Dating back to the year prior to the beginning of Ethel and Mr. Smith’s relationship, over 4,250 financial transactions were examined. These transactions consisted of everything from checks and check card purchases to deposits and transfers. It was discovered that after gaining access to Ethel’s financial accounts, Mr. Smith began to use the money to support a lifestyle beyond his means. Mr. Smith used Ethel’s money to make payments on vehicle loans, including a snowmobile, and an ATV he bought after gaining access to Ethel’s funds. In addition to making payments on multiple vehicles, Mr. Smith took cash advances against Ethel’s account and used her assets to cover monthly bills for telecommunications, utilities, and insurance.

[1] Names have been changed to protect identities

In the year prior to the beginning of Ethel and Mr. Smith’s relationship, Ethel disbursed approximately $52,600 from her accounts. During the four years between the beginning of their relationship and the investigation of financial exploitation, Ethel’s accounts disbursed more than $410,000; three of the four years, amounts disbursed were more than double what Ethel was spending before the relationship began. In the third and fourth years in question, nearly half of the disbursements were flagged as suspicious. After the investigation was complete, it was determined that Mr. Smith had exploited Ethel of more than $199,000.


Due to the trusting nature created by the abuser and the nature of certain financial transactions, it can be difficult to identify financial exploitation. If it is suspected that financial exploitation of a vulnerable adult is taking place, there are a few steps that can be taken to ease the suspicions and help confirm them. Although you may be able to identify financial exploitation without having access to the vulnerable adult’s financial records, it is practically impossible to verify and document the totality of financial exploitation without examining financial records. Using financial records, no matter how voluminous they may be, will shed light on patterns of financial exploitation if it has been occurring.

One of the simplest actions to take when attempting to uncover exploitation is examining the purchases from the vulnerable adult’s accounts. For most vulnerable adults, spending is fairly consistent. One indication of possible exploitation is an increasing pattern of disbursements from financial accounts. This increase may be caused by multiple individuals using the assets, no longer just the vulnerable adult. Examining individual transactions rather than the sum of spending within the accounts will provide additional details on the nature of the transactions. For example, you may come across a purchase of rock concert tickets or gas purchases although the vulnerable adult has not driven in several years.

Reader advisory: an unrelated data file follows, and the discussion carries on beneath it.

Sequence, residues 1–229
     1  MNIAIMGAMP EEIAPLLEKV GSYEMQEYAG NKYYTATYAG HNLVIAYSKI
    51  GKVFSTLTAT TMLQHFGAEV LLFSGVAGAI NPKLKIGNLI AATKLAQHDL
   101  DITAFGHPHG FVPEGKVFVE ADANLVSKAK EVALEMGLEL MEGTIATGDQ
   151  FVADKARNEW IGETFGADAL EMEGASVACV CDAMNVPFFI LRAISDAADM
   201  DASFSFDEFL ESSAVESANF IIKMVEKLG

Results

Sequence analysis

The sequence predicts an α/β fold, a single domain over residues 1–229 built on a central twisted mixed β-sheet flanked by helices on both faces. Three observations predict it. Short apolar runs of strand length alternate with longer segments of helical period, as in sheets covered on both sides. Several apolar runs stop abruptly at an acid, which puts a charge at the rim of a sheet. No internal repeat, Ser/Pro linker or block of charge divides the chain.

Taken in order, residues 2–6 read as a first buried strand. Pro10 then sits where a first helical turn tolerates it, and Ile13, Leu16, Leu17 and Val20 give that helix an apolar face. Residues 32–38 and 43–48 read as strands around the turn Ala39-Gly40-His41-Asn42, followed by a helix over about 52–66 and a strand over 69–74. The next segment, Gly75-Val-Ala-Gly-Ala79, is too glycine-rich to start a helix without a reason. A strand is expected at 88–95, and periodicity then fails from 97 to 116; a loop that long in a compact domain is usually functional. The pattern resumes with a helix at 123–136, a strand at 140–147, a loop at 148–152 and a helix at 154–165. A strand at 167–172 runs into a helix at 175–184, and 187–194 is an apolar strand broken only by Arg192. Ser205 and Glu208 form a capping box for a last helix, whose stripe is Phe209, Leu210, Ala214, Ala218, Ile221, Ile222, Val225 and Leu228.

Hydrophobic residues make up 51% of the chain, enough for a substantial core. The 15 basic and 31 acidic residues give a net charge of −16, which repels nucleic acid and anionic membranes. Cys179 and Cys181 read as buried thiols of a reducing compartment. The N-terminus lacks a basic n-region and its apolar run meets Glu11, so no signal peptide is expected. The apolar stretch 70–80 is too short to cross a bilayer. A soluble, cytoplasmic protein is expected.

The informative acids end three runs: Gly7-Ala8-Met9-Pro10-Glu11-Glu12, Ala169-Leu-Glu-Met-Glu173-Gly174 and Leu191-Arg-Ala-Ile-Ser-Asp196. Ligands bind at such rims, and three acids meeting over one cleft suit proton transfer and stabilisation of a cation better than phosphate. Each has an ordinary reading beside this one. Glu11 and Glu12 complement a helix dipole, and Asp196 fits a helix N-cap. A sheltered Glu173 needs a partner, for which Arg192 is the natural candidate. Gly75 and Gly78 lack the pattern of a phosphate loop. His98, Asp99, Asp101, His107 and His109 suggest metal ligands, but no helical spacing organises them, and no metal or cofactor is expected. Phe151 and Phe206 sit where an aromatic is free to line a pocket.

When examining financial records over a period of time, you will gain sense for the types of transactions made by the vulnerable adult on a monthly basis. This is especially true when examining transactions before the alleged exploitation began. This develops a baseline for the vulnerable adult’s “typical” spending habits. The transactions that do not appear to fit the baseline pattern when examining financial records during the period of potential exploitation, may be the exploitation items in question. Further investigating these items and other transactions will assist you in uncovering potential financial exploitation.


Conservators and/or guardians most likely do not specialize in forensic accounting nor might they get excited about spending hours documenting questionable financial transactions through the use of pivot tables and investigative software. Generally speaking, adult protection service workers, police and prosecutors do not specialize in forensic accounting either. The good news is that forensic accountants have the experience needed to document exploitation matters for the court of law. Forensic accountants are available to help during any step of the exploitation investigation process. Depending upon the complexity of the matter, the services provided by forensic accountants may range from consultation on how to locate financial records to assisting with the examination of financial records to creating a comprehensive forensic report for prosecution purposes.


Segregation of Duties. What is that?

When one person controls multiple phases of accounting transactions (i.e. accounts payable, payroll, accounts receivable, etc.), the opportunity for fraud in the workplace significantly increases.

By involving at least one other person in the transaction, the risk of fraud can be greatly reduced. According to the Association of Certified Fraud Examiner’s Report to the Nation, the presence of anti-fraud controls such as segregation of duties are associated with reduced fraud losses.